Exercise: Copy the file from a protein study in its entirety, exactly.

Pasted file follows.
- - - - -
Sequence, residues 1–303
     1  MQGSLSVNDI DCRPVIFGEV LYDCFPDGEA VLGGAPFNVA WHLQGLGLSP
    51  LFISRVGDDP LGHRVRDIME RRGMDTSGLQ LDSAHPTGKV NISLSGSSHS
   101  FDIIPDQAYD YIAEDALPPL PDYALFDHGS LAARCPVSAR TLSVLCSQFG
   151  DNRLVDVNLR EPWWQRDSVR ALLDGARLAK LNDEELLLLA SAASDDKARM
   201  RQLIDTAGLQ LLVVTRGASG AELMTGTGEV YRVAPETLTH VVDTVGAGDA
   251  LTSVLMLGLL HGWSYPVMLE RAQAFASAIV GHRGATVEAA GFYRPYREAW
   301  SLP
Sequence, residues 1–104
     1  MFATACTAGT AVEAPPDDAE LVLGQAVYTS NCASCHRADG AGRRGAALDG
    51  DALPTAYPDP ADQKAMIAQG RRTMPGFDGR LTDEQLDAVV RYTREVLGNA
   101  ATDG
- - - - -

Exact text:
Sequence, residues 1–303
     1  MQGSLSVNDI DCRPVIFGEV LYDCFPDGEA VLGGAPFNVA WHLQGLGLSP
    51  LFISRVGDDP LGHRVRDIME RRGMDTSGLQ LDSAHPTGKV NISLSGSSHS
   101  FDIIPDQAYD YIAEDALPPL PDYALFDHGS LAARCPVSAR TLSVLCSQFG
   151  DNRLVDVNLR EPWWQRDSVR ALLDGARLAK LNDEELLLLA SAASDDKARM
   201  RQLIDTAGLQ LLVVTRGASG AELMTGTGEV YRVAPETLTH VVDTVGAGDA
   251  LTSVLMLGLL HGWSYPVMLE RAQAFASAIV GHRGATVEAA GFYRPYREAW
   301  SLP
Sequence, residues 1–104
     1  MFATACTAGT AVEAPPDDAE LVLGQAVYTS NCASCHRADG AGRRGAALDG
    51  DALPTAYPDP ADQKAMIAQG RRTMPGFDGR LTDEQLDAVV RYTREVLGNA
   101  ATDG